The eternal companion jerked her eyes down at the ground and shivered. She turned to go, her owner demanding her to clean the house. She shifted up onto her pillow, but the same dispatcher urged her to mind her rib. She glared at her and then whimpered as she lay down.
The eternal companion nodded and then left. After cleaning, she removed her mistress’ ugly tiled floors for carpeted ones, ugly stone for beautiful and eye-blinding grayness of the pillars for smoothness even the speaker would compliment. She wasn’t going to live in an ugly house that just reminded her of her mistake—she was going to strive to have a new attitude with her mistress. Even if it took all of…well, even if it took a while.
A few weeks later, the speaker returned home. The eternal companion invited the formerly hospital-bound woman into the place. She yelled and barked, threatening the eternal companion with an eternity without dinner or breakfast if she didn’t help her with every need required.
“I am helping you. Don’t you see?” The eternal companion helped her readjust to her couch “Don’t you see everything around you?”
The mistress accused the eternal companion of laziness and lying. Afterwards, she peered around herself at the new pillars and living room carpet. After stretching as far as she could to glance at the revised kitchen, the mistress blinked. Then she said, “Hm. Seems you’ve proven yourself…” Closing her mouth, the mistress blinked and nodded. She lay back down, silent.
The eternal companion waited, hands behind her back. Then she interjected, “Do you want anything to eat or drink?” She told her to leave her.
“You are here to serve me for all eternity.” Her voice was brittle. “When I heal, you will have the food out and ready for that night when I’m better—warmed and crisp and prepared to serve. Delay, and you’ll find yourself up to your forehead in soapy water, cleaning those dishes.” She shifted and then let out a painful cry. “Do it,” she continued through gritted teeth.
The eternal companion prepped the meal, telling herself she’d get some reward out of it.
“I’m done. Go see for yourself.”
The mistress shoved her companion out of the way and went downstairs to the kitchen. “Looks…great for everyone else.” She returned and waved a hand in front of the bathroom washbasins and rags. “Get some of those cloths and clean!”
The eternal companion breathed calmly, telling herself she’d get it all done. Once she reported to the speaker, she went to investigate to see whether she found even the tiniest hair still lingering around on a bed or rug. Nothing, not even a crumb.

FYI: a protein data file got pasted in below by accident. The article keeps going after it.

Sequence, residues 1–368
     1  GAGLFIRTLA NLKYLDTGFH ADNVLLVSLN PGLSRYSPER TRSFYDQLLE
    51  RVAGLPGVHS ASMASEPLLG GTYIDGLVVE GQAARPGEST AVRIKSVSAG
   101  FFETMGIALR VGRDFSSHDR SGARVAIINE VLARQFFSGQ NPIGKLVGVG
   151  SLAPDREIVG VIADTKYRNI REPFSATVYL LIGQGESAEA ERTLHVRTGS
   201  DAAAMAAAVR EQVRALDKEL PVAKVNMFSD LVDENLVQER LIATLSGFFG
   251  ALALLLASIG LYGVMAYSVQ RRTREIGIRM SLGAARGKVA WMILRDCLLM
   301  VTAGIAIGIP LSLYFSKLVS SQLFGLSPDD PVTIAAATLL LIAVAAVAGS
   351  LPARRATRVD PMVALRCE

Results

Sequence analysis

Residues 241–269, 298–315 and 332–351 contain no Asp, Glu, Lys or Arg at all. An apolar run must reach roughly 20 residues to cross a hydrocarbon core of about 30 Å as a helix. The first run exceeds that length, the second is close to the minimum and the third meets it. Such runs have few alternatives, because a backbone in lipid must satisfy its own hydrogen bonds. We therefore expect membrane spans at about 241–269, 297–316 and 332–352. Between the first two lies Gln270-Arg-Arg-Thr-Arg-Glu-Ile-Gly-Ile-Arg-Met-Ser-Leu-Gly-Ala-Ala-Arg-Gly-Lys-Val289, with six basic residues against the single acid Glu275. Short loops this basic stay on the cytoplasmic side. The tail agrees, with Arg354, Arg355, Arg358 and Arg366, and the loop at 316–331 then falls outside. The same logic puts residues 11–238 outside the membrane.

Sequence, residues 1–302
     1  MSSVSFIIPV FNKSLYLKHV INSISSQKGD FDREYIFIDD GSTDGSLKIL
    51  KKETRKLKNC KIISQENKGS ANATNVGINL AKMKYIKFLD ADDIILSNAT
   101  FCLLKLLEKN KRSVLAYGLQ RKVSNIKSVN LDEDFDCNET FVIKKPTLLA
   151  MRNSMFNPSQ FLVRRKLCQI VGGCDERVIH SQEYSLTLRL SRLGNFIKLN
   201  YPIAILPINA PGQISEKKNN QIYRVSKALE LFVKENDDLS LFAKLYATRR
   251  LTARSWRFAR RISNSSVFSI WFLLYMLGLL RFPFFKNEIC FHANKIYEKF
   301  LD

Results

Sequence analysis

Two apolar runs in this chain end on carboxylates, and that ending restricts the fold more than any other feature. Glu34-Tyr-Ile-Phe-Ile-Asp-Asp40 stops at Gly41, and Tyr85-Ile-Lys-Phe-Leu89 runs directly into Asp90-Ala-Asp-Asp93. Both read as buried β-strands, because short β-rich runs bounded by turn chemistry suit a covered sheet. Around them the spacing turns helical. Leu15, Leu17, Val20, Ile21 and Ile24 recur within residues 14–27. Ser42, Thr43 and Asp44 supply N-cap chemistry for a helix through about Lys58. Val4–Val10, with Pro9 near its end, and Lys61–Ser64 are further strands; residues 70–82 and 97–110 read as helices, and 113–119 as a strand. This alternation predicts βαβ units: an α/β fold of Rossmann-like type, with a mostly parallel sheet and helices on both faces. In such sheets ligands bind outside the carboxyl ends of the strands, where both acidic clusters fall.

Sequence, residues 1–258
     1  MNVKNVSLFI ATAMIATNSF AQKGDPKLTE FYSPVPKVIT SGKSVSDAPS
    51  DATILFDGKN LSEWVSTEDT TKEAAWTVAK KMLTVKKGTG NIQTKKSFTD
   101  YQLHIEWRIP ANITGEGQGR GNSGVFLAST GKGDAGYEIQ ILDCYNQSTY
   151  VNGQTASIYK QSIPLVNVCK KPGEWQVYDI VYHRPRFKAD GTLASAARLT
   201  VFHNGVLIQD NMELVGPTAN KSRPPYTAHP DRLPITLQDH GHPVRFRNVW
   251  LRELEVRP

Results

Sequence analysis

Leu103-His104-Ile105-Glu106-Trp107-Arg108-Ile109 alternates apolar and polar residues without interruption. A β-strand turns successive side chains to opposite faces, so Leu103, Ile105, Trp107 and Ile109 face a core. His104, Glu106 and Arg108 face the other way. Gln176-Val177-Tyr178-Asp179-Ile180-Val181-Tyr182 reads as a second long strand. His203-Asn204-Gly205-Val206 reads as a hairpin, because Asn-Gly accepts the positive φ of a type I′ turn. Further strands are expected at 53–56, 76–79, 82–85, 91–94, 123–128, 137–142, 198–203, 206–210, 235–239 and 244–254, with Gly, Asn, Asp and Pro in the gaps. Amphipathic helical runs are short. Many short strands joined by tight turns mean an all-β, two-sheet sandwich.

She shut her bedroom door. The companion squeezed her hands and jumped up and down a little, a radiant smile stretching at her cheeks. Yes! She raced downstairs after grabbing a book off one of the library’s dusted shelves. She opened it before she got to the hearth and then immersed herself in a world of dragons and dungeons, princes and paupers being rescued by these dragons’ dungeons. Someday, I’ll rescue myself. She thought. From this hell!
A cheerful smile couldn’t be broken from the eternal companion’s face that night all through the fanciful feast celebrating her mistress’ healed rib. The next morning, the speaker yelled for her to take care of breakfast and lunch after she had just cleaned the kitchen.
“Can I have some food now?” The question did not carry a begging tone.
“Make it quick.”
She took time savoring the buttery, crisp roll with fresh bacon. Closing her eyes and chewing slowly, the companion smiled. When this was done, she chewed the bacon, its crunchiness widening her smile as she heard the snap of it between her teeth. She cleared her place and returned to the speaker’s bedroom, opening the huge creaking door.
“Why do you hate me?”
The speaker narrowed her eyes. “I don’t deal with stupidity like you.”
But the eternal companion didn’t cower before her. Not when the speaker threw her outside. Wouldn’t when the speaker yelled right in front of her guests who just sat there and stared and then shook their heads and gossiped about the eternal companion. Couldn’t when she stood right in front of the fire, threatening to throw her mistress into its flames.
One night, she dropped her raised hand. “I can’t even threaten you anymore.” She told her servant she’d be going to the postmaster. An hour later, she returned. The servant didn’t dare inquire but studied her until she snarled for her to get lost.
Years went by, and the servant’s mistress stopped attacking her. One day, she looked down at her. “You made a mistake. You can’t atone for that. You’ll never make up for it, but we,” The mistress touched her rib. “can forgive each other.” She inhaled and stood straight, putting out a hand.
The servant nodded, not taking it. “I forgave myself last night. I forgive you.” She ushered her out of the room. Several hours later, she permitted her to come back. The mistress, eyebrows raised and mouth agape at her servants’ work of wreaths hanging before every entrance, streamers hanging from the stone-grey ceiling and around the pillars, applauded her efforts.
The speaker joined her at the beautiful feast. “We’re wrong.”
“But,” the servant advised as she doled out a plateful for her mistress, “that doesn’t mean we can’t be right from now on.”
The mistress clinked her gold goblets of red and white wine with her new friend reserved—
“For the two of us.”
The rest of the night seemed to sweep away in the stitching of a catastrophic relationship mended together as the two women deemed each night spent together stitching the hole of hatred and vengeance one thread string at a time.